The snow will begin Monday afternoon in Greater Moncton and continue into Tuesday with up 20 cm in total expected.

The latest storm follows three days with above freezing temperatures after a lengthy early winter cold snap.

Bitter cold hangs on

Irishtown Nature Park reservoir is already frozen, 01 Dec 2018 (Dearing)

An Arctic air mass continues to have its grip over the Maritimes with today marking the sixth day of below freezing temperatures in Greater Moncton.

The early morning lows dropped to -16.1°C yesterday and -16.5°C today.

Brisk northwest winds have also created bitter wind chills into the -20s this weekend giving a risk of frostbite on exposed skin.

The normal high for early December is 0°C and the low is -8°C.

Environment Canada says temperatures may not climb above freezing until Friday making this one of the longest cold snaps in recent memory.

Winter 2017/18 – Riding a Rollercoaster!

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A view of downtown Moncton from city hall, 23 Jan 2018 (City of Moncton)

Meteorological winter 2017/18 is now in the books since the three month period of December, January and February is over but we all know winter is not over yet in Southeast New Brunswick.

What a ride it has been in Greater Moncton with temperatures fluctuating wildly from very mild to extremely cold in just hours and in one case in mere minutes.

Snowfall was lighter compared to normal especially in February but the bigger concern were frequent periods of mixed, icy precipitation such as freezing rain and ice pellets.

WINTER ALMANAC 2017/18 at the Greater Moncton International Airport

Average HIGH  -1.2 C (about 0.9 degrees ABOVE normal)

Average LOW  -11.0 C (about 1 degree ABOVE normal)

AVERAGE  -6.1 C (about 1 degree ABOVE normal)

Extreme HIGH  16.7 C (13 January – highest temperature ever recorded in January)

Extreme LOW  -22.3 C (07 February)

RAINFALL  134.4 mm (about 20 percent ABOVE normal)

SNOWFALL  177.8 cm (about 15 percent BELOW normal)

(Data courtesy Environment Canada)

 

Flooding in northern France

A street lamp and a tree are seen on the flooded banks of the River Seine in Paris

Flooding along the River Seine in Paris, France, 27 Jan 2018 (Reuters)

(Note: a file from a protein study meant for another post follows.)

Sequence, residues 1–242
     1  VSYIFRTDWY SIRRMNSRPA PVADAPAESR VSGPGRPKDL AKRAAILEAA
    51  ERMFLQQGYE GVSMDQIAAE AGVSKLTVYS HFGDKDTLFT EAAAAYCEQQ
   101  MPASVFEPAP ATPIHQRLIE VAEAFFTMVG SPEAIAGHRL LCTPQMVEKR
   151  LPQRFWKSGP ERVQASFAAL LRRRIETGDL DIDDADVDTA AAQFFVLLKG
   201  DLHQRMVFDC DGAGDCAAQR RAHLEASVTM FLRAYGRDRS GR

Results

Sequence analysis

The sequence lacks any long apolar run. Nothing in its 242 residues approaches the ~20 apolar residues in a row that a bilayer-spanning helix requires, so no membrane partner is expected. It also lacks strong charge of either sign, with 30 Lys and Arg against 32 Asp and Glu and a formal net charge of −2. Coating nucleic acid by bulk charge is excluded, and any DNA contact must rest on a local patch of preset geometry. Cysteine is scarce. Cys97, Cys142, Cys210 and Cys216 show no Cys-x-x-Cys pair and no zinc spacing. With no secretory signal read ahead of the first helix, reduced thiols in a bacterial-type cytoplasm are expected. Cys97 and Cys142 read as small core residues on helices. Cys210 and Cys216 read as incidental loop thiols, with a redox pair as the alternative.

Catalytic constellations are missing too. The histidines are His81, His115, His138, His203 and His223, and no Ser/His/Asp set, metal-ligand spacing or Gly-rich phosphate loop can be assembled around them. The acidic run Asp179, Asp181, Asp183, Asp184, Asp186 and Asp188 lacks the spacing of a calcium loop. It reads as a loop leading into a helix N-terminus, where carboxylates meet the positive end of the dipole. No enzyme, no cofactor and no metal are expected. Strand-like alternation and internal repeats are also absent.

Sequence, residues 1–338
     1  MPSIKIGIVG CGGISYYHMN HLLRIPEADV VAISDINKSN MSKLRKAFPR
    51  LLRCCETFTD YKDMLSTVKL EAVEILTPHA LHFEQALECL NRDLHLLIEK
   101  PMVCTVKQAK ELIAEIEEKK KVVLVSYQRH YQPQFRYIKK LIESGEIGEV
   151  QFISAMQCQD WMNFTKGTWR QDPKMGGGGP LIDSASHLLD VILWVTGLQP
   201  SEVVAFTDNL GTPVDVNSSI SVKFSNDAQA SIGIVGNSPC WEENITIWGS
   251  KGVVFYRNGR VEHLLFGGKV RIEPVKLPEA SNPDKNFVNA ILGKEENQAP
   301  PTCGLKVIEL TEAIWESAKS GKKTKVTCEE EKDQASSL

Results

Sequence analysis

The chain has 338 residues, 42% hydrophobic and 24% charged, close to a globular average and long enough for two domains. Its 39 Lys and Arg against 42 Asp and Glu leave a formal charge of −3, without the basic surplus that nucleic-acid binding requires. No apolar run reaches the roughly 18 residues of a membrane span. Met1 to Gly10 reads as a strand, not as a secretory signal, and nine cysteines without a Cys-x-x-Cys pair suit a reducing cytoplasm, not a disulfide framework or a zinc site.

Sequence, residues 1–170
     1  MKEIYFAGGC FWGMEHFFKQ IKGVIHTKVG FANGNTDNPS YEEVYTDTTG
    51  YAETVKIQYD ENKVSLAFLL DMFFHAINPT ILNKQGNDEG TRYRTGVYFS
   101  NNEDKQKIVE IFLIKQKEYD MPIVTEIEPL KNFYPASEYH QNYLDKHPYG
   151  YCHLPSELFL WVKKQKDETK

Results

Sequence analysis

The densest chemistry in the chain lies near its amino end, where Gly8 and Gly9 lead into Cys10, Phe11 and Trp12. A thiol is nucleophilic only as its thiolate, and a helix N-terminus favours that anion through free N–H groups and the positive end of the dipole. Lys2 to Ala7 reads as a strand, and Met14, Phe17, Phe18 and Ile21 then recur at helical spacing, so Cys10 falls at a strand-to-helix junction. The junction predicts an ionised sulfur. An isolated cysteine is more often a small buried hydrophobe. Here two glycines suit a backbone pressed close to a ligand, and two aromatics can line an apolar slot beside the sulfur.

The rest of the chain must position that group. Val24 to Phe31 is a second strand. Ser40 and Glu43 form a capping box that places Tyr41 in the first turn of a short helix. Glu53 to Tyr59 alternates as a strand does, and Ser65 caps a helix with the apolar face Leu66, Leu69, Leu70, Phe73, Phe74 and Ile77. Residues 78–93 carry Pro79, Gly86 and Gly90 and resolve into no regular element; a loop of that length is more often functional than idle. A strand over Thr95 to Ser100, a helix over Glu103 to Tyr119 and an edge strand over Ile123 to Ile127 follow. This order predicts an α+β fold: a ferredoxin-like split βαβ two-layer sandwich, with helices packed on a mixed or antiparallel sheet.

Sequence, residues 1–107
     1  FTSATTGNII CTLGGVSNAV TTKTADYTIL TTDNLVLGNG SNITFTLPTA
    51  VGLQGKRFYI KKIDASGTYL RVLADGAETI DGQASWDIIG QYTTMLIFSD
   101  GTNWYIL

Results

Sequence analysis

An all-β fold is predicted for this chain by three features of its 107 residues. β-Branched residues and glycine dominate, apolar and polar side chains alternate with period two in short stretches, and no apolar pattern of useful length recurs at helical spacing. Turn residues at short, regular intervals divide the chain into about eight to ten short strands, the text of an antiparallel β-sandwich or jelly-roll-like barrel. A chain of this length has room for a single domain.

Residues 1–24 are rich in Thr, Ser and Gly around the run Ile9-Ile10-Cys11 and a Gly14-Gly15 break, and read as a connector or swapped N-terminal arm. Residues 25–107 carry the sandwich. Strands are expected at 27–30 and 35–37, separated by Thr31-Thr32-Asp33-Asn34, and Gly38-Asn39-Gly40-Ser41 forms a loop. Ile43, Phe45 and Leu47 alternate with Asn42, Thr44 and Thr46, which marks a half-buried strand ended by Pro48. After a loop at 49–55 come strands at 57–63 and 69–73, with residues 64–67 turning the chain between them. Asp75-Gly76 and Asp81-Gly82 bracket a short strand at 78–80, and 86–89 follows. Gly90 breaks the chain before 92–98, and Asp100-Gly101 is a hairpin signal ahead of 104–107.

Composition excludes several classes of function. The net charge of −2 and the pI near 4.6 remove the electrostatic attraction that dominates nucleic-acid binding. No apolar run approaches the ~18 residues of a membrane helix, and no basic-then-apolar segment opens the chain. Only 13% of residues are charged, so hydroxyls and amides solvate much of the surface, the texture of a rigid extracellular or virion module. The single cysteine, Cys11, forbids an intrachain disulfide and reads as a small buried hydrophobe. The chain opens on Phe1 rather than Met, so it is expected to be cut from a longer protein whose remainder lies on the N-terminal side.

According to France’s meteorological agency, rain in December and January has led to the third wettest period ever in Paris which is why the River Seine and other tributaries in northern France have spilled their banks.

The river is expected to peak on Sunday at 6 metres – normally it measures 2 metres – slightly below the exceptional flooding in 2016 and the disastrous flood of 1910.

Some riverside restaurants have been submerged and roads and parks have been closed due to high water levels.

All boat traffic on the Seine has been halted including tourist cruises, some Metro stations are shuttered and the Louvre has shut down the museum’s lower level as a precaution.

December 2017 – Cold and dry

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Heavy snow falling in northeast Moncton, 09 Dec 2017 (Dearing)

December in Southeast New Brunswick started out on a normal note with above freezing daytime highs and chilly but not frigid overnight lows.

But an early Arctic blast settled in over the Maritimes by mid-month and Greater Moncton had five days below -10 C with four nights plunging to -20 C or lower.

After near normal precipitation last month, both rainfall and snowfall were below normal for December.

Two major snow events were recorded on 9-10 Dec (16 cm) and 25 Dec (20 cm) with a significant rainfall on 23 Dec (10 mm).

DECEMBER 2017 ALMANAC (at Greater Moncton Int’l Airport, 1981-2010)

Average HIGH  -2.5 C

Average LOW  -10.7 C

AVERAGE  -6.6 C (1.8 degrees BELOW normal)

Extreme HIGH  11.1 C (06 Dec)

Extreme LOW  -21.8 C (31 Dec)

RAINFALL  39.1 mm (almost 30 percent BELOW normal)

SNOWFALL  51.4 cm (almost 20 percent BELOW normal)

(Data courtesy Environment Canada)